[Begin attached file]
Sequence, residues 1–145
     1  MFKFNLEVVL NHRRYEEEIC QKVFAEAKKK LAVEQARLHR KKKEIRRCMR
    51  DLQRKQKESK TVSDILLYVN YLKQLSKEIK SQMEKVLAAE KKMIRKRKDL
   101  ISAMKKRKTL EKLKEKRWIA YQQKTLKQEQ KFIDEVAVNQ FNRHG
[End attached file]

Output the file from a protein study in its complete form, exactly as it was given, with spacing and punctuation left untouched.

Sequence, residues 1–145
     1  MFKFNLEVVL NHRRYEEEIC QKVFAEAKKK LAVEQARLHR KKKEIRRCMR
    51  DLQRKQKESK TVSDILLYVN YLKQLSKEIK SQMEKVLAAE KKMIRKRKDL
   101  ISAMKKRKTL EKLKEKRWIA YQQKTLKQEQ KFIDEVAVNQ FNRHG